Without access to adequate facilities and lessons Britain is on course to become a nation of non-swimmers. UEA researchers are determined not to let this happen; they’ve designed an innovative model that equips trainee teachers with the skills to teach children to swim.
Britain could become a nation of non-swimmers if drastic changes aren’t made to ensure all young people have access to adequate lessons and facilities.
Lack of funding, cost of transport and limited access to a pool are some of the reasons for a decline in swimming provision for primary school students.
Researchers, from the School of Education and Lifelong Learning, at UEA have come up with an innovative model to help teach children this important life skill.
Dr Craig Avieson and Dr Penny Lamb’s model uses the Amateur Swimming Association’s National Curriculum Training Programme to prepare trainee teachers to teach swimming.
The model provides trainee teachers with the confidence to teach swimming and an increased awareness of ways to support lower-ability children.
“Ensuring children have basic swimming skills is the responsibility of both primary and secondary schools and this is a chance to do something about it,” said Dr Avieson. “Teaching children such an important life skill should be a priority and there should be joined-up thinking between primary and secondary schools to address this issue.”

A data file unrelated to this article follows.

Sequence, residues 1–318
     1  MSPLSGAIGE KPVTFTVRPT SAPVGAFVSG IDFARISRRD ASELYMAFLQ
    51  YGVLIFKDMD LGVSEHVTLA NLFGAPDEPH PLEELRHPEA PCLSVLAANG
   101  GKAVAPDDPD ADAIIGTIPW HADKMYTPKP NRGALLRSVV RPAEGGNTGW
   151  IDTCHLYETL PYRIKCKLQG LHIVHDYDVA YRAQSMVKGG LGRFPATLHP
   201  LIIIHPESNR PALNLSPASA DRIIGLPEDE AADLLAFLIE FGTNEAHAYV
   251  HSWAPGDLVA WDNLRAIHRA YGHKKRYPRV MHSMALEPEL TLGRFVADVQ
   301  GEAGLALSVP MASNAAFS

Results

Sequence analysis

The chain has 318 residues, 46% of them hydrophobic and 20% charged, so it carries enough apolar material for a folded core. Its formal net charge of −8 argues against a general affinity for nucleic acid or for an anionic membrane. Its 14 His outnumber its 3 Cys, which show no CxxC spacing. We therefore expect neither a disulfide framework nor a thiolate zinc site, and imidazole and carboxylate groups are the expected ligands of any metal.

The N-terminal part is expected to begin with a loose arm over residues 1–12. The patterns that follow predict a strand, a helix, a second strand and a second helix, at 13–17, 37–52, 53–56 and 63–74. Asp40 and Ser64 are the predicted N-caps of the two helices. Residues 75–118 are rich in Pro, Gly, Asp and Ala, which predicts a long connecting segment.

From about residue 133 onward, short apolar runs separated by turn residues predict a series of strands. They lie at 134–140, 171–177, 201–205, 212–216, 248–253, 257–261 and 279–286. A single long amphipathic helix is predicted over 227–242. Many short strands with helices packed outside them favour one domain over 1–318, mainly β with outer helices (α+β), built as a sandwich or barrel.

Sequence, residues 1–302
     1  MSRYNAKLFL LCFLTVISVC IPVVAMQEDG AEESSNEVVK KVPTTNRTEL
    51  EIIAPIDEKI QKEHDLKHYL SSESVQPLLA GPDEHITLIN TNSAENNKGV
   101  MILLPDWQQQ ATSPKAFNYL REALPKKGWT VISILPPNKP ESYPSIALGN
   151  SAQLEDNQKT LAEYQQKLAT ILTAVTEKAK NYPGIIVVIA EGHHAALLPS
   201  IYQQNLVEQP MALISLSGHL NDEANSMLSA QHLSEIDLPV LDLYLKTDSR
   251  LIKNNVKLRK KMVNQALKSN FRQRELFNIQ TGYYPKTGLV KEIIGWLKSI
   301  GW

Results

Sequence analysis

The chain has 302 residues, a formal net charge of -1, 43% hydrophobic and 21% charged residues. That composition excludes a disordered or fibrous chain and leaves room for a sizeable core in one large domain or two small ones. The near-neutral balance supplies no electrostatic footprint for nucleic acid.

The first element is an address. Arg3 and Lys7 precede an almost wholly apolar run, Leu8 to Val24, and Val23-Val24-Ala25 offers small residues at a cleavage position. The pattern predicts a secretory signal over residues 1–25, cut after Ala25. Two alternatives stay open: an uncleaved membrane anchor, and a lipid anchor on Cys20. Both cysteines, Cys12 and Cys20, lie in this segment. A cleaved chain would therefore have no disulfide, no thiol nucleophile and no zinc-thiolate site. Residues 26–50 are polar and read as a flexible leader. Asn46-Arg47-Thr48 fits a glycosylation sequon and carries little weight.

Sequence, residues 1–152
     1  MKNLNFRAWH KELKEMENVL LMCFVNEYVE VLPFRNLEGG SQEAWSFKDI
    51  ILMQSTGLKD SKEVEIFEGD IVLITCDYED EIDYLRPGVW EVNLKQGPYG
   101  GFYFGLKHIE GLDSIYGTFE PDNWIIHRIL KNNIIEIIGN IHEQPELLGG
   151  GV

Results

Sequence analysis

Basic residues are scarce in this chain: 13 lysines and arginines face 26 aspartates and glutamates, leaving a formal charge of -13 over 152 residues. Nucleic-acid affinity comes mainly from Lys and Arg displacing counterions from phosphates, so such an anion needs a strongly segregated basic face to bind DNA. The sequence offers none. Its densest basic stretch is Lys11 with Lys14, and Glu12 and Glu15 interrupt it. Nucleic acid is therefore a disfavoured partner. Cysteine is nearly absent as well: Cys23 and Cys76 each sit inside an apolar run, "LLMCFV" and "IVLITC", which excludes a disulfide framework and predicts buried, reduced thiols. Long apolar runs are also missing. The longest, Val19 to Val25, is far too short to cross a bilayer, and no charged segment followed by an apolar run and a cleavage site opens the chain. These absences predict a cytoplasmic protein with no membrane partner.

‘Preparing trainee teachers for teaching swimming: an innovative model of delivery’, Dr Craig Avieson and Dr Penny Lamb, is published in Physical Education Matters, (2014) Vol.9, No 1, 75-78 May 6, 2014.
Dr Penny Lamb
School of Education
My research interests lie in applied research in Education (mainly but not exclusively within Physical Education) and centres on pupil voice, exploring pedagogy in relation to minority groups, such as Gifted & Talented pupils, disengaged and disaffected pupils and pupils with Special Educational Needs. I have also developed an interest in teacher identity, especially how trainee teachers develop their abilities to reflect on their own and others' professional practice.